… is from page 115 of volume 2 of The Collected Works of Armen A. Alchian  (2006); specifically, it’s from Alchian ‘s 1986 essay, co-authored with William Meckling, “The Bishops and the Lay Commission”; this essay was written in response to two documents issued in the mid-1980s under the auspices of the Roman Catholic church – one is a document from the U.S. National Conference of Catholic Bishops, and the second is from a 30-member Commission of lay Catholics (footnote deleted):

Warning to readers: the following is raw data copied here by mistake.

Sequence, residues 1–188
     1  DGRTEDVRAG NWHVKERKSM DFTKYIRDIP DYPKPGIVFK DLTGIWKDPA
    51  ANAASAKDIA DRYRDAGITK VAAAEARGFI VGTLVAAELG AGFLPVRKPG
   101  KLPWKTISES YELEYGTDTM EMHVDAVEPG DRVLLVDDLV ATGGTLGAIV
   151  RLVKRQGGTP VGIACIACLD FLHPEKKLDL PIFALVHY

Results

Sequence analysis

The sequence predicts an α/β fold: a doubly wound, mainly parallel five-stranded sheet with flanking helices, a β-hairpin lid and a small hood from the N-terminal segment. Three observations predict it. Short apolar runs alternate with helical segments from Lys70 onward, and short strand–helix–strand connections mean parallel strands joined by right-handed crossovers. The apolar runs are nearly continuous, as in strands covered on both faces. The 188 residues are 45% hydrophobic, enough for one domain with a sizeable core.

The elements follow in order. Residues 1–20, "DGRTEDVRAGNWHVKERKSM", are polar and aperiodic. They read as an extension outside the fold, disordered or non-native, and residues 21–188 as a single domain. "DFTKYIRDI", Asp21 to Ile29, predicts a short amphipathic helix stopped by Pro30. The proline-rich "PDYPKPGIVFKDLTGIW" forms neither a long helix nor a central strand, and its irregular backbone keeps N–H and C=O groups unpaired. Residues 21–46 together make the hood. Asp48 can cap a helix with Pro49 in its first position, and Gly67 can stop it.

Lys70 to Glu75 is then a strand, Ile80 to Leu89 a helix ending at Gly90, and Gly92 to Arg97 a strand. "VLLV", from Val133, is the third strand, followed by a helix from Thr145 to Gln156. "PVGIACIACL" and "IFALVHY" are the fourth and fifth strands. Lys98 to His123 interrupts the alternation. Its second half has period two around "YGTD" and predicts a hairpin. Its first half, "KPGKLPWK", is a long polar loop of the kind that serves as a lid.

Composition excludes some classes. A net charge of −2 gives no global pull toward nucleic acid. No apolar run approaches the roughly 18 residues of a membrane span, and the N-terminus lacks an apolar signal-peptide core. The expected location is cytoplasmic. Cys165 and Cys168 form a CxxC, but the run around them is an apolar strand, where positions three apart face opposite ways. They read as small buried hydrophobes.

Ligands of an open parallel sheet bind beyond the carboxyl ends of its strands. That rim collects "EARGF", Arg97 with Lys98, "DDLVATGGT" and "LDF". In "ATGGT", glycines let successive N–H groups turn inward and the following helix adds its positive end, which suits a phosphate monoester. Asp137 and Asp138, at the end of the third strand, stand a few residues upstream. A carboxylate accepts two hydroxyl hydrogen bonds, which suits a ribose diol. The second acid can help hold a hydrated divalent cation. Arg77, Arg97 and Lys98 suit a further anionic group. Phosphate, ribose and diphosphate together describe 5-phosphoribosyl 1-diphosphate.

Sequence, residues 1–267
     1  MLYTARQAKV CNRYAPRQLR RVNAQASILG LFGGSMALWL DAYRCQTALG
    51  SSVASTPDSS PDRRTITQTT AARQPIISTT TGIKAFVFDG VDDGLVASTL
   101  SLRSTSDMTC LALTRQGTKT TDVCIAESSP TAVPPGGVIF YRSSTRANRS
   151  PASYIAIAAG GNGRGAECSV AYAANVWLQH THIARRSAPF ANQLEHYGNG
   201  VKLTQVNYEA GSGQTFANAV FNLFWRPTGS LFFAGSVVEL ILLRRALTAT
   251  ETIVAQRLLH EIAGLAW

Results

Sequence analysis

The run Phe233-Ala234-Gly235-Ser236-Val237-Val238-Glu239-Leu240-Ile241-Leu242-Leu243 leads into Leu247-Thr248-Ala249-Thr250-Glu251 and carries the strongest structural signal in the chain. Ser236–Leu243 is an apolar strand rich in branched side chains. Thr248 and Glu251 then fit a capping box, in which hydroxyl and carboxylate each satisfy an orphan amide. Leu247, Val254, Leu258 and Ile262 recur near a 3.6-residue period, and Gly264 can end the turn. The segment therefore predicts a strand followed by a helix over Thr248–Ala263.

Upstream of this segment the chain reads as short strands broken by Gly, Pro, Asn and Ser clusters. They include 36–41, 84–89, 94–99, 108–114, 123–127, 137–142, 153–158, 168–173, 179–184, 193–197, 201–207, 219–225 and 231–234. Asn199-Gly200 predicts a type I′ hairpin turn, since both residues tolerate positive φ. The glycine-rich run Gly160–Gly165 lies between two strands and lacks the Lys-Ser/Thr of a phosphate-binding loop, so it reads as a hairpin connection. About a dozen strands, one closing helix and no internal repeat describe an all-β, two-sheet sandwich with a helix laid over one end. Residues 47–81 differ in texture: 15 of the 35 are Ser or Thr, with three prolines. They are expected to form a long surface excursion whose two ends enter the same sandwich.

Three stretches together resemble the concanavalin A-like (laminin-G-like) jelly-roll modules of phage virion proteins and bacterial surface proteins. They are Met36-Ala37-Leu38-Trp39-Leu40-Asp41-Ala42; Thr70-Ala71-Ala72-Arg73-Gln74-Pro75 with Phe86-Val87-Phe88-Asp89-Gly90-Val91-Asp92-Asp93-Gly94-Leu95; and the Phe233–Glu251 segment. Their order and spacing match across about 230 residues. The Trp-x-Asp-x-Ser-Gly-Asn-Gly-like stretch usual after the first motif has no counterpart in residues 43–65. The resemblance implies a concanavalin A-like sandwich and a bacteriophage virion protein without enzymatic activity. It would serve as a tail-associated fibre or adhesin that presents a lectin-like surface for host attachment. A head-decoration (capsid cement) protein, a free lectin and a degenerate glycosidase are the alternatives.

The work of the National Conference of Catholic Bishops’ ad hoc committee and the Lay Commission both start from the same presumption: that there is a well-defined body of Catholic thought or, more accurately, set of values, which united with economic principles will yield an economic policy prospectus. The truth is that there is no such well-defined body of Catholic thought, i.e., set of values, and it is quixotic to believe that there could be. If the history of the Catholic Church teaches us anything it is that the Church as an organization has extraordinary survival characteristics both across nations and through time. The Catholic Church is nothing if not universal, i.e., catholic. It has been and is all things to all people. Can we reasonably expect such an organization to have a unified view of what constitutes justice, or what trade-off is appropriate between present and future poverty, or between freedom and distributive capacity? This lack of a coherent set of Catholic values, of course, says nothing about the quality of the analysis or the efficacy of the policy viewpoints contained in these monographs. What it does say is that the search for policy foundations in Catholic Social Teaching/Thought is on a par with the search for the Holy Grail.